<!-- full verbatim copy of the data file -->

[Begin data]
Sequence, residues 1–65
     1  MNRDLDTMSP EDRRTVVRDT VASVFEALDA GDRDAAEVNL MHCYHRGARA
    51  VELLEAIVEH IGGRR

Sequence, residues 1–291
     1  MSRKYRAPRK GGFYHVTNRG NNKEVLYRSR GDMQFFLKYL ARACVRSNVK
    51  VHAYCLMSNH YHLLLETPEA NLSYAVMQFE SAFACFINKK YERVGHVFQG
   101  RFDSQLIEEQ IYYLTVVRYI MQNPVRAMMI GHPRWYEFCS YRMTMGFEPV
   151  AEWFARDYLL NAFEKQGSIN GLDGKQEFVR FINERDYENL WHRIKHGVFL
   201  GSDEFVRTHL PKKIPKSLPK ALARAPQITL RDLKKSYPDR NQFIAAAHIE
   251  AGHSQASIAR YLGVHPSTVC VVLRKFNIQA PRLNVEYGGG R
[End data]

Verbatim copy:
Sequence, residues 1–65
     1  MNRDLDTMSP EDRRTVVRDT VASVFEALDA GDRDAAEVNL MHCYHRGARA
    51  VELLEAIVEH IGGRR

Sequence, residues 1–291
     1  MSRKYRAPRK GGFYHVTNRG NNKEVLYRSR GDMQFFLKYL ARACVRSNVK
    51  VHAYCLMSNH YHLLLETPEA NLSYAVMQFE SAFACFINKK YERVGHVFQG
   101  RFDSQLIEEQ IYYLTVVRYI MQNPVRAMMI GHPRWYEFCS YRMTMGFEPV
   151  AEWFARDYLL NAFEKQGSIN GLDGKQEFVR FINERDYENL WHRIKHGVFL
   201  GSDEFVRTHL PKKIPKSLPK ALARAPQITL RDLKKSYPDR NQFIAAAHIE
   251  AGHSQASIAR YLGVHPSTVC VVLRKFNIQA PRLNVEYGGG R